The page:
An Inventory of the Historical Monuments in Buckinghamshire, Volume 1, South. Originally published by His Majesty's Stationery Office, London, 1912.
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67. LITTLE MARLOW.
(O.S. 6 in. (a)xlvii. N.W. (b)xlvii. S.W.)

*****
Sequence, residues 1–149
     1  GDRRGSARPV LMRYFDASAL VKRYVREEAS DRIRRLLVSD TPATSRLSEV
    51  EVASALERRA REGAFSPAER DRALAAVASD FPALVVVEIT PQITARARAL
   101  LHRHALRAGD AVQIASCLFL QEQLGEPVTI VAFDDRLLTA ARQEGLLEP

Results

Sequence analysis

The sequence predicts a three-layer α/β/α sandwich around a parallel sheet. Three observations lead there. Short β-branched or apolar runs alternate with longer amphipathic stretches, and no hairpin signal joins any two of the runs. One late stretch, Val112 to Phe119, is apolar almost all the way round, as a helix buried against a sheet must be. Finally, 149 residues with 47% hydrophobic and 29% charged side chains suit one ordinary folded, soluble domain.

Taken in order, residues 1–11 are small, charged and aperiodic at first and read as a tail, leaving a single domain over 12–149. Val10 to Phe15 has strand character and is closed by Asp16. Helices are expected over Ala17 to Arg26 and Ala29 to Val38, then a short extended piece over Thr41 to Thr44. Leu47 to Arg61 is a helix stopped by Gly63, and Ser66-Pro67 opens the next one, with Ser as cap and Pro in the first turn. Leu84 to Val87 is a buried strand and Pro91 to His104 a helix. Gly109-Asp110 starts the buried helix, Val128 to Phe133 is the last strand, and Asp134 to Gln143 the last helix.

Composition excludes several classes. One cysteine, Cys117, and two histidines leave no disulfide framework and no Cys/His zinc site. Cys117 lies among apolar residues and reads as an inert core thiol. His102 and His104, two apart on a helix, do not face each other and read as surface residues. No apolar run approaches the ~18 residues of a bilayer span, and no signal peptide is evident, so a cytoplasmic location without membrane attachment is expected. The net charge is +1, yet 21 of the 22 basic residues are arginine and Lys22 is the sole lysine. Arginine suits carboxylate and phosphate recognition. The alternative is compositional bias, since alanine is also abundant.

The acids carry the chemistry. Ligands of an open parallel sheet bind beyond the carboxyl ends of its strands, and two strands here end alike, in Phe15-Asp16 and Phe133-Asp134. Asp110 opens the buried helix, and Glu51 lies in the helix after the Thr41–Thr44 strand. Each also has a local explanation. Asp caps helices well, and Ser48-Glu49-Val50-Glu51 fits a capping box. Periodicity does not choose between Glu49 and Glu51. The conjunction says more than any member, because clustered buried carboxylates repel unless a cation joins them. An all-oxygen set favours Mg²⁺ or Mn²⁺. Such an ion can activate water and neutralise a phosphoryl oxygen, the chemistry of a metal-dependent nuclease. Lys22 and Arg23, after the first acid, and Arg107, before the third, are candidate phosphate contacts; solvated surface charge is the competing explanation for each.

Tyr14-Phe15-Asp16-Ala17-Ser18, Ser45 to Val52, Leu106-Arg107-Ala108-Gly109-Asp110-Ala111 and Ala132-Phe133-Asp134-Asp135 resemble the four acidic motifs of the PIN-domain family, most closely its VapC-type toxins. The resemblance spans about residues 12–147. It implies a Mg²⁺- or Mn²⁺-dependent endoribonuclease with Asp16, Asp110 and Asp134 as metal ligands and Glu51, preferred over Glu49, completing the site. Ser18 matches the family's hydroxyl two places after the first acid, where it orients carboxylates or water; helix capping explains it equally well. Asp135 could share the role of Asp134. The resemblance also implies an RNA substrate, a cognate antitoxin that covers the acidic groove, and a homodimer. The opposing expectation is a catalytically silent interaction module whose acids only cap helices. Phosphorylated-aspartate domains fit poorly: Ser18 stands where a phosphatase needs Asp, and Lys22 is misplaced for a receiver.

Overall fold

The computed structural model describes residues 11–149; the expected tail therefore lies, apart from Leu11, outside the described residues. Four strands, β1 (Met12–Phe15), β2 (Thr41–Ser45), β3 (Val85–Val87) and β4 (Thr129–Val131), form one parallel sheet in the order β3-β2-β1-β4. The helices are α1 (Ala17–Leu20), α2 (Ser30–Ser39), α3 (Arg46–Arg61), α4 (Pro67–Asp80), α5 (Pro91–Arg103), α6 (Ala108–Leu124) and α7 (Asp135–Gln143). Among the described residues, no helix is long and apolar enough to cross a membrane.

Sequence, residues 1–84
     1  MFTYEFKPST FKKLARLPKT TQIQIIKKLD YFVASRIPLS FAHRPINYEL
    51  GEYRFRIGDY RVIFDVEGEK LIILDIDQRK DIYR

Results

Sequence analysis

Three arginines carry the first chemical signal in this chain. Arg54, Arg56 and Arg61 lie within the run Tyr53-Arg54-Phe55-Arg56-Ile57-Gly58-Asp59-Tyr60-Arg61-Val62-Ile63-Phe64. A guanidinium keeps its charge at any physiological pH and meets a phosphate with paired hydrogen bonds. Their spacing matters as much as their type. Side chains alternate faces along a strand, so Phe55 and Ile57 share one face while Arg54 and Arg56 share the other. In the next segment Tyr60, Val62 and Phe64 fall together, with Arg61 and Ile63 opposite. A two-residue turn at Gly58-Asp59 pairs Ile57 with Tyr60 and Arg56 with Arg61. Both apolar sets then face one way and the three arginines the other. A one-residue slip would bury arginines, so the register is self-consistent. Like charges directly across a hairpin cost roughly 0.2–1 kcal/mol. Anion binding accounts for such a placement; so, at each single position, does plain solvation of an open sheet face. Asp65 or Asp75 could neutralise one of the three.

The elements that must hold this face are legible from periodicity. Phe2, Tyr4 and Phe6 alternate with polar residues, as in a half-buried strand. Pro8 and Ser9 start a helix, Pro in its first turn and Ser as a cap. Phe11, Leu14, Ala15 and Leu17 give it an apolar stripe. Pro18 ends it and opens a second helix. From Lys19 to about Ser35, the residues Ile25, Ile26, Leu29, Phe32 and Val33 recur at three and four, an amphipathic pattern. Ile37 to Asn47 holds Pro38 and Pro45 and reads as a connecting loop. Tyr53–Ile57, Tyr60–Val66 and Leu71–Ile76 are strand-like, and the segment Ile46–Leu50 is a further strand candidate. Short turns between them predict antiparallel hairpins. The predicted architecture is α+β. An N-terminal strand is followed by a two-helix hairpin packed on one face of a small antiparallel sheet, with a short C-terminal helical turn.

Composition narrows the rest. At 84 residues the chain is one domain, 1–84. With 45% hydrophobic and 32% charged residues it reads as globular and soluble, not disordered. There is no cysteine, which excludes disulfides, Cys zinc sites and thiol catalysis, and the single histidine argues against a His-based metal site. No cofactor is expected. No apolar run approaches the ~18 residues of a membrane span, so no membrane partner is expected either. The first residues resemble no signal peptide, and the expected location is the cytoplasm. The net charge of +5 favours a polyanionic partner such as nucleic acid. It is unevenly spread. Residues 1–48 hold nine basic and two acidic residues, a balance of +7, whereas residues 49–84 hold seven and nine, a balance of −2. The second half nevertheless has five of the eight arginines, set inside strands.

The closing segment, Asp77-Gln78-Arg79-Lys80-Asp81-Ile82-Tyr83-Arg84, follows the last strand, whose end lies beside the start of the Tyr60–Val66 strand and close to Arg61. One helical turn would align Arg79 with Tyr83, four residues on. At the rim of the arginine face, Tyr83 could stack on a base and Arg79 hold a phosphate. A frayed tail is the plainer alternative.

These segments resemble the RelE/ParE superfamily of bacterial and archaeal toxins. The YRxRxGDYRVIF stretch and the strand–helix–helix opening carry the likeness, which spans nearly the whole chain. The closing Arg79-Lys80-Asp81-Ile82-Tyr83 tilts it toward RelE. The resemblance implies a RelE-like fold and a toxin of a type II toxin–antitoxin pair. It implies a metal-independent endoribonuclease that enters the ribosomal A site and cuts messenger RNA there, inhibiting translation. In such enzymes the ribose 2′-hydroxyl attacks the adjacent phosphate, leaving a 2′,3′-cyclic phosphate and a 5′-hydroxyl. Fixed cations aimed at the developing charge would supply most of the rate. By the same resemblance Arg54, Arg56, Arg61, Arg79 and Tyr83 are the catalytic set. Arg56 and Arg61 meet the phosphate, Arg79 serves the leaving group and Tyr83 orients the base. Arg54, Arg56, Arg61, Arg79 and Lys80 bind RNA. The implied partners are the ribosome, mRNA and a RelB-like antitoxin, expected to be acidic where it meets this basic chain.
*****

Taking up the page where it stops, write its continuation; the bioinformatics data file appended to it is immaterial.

b(1). Parish Church of St. John the Baptist, on the S. side of the village, is built of flint, roughly plastered; the dressings are almost entirely of chalk; the plinth is of tiles, and under the buttresses of the tower are large blocks of Denner Hill stone; the W. wall of the S. aisle is covered with cement, and the N. porch is timber-framed, with plaster filling. The roofs are tiled. The South Chapel and part of the Chancel are of late 12th-century date; the N. wall, and possibly the E. wall, of the chancel were re-built c. 1280. The original Nave was widened towards the N. c. 1340, and the North Aisle was built; the West Tower is probably also of the 14th century, though some of the walling may be of earlier date. The South Aisle was added in the 15th century, and is probably part of the work of Nicholas Ledewich, who restored the church; he died in 1430, see Monument (1) below; the S. chapel may have been lengthened at about the same time; the North Porch was built early in the 16th century. The church was restored in the 19th and 20th centuries.